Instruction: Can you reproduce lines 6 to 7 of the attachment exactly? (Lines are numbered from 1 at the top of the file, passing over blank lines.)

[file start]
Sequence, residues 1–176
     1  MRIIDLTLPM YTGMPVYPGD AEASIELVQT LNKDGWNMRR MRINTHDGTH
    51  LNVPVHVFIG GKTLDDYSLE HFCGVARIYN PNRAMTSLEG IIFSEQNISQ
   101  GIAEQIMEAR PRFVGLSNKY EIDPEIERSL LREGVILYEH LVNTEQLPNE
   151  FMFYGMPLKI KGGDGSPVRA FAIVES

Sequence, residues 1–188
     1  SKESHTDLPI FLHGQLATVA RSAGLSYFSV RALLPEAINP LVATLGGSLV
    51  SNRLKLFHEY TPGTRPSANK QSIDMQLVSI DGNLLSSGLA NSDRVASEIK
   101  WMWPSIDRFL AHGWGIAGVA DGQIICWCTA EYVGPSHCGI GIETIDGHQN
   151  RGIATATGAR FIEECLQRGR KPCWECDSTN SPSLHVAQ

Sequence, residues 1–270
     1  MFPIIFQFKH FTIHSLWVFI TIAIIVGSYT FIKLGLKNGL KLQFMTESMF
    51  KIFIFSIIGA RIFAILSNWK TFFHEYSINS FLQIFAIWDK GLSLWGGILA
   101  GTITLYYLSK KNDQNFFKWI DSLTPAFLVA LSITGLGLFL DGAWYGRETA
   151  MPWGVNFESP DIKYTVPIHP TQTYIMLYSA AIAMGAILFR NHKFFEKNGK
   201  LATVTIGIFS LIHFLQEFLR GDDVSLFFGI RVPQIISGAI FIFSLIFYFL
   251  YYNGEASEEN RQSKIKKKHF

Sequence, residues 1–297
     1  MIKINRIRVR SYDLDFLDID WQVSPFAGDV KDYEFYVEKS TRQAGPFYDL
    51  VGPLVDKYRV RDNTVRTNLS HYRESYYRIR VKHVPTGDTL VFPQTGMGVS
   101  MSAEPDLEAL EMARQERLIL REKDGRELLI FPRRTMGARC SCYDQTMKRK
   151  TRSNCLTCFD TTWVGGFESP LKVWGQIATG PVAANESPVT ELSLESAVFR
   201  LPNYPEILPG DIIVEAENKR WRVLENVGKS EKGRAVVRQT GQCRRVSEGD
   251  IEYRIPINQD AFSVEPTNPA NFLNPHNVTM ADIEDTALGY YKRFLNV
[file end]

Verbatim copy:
Sequence, residues 1–188
     1  SKESHTDLPI FLHGQLATVA RSAGLSYFSV RALLPEAINP LVATLGGSLV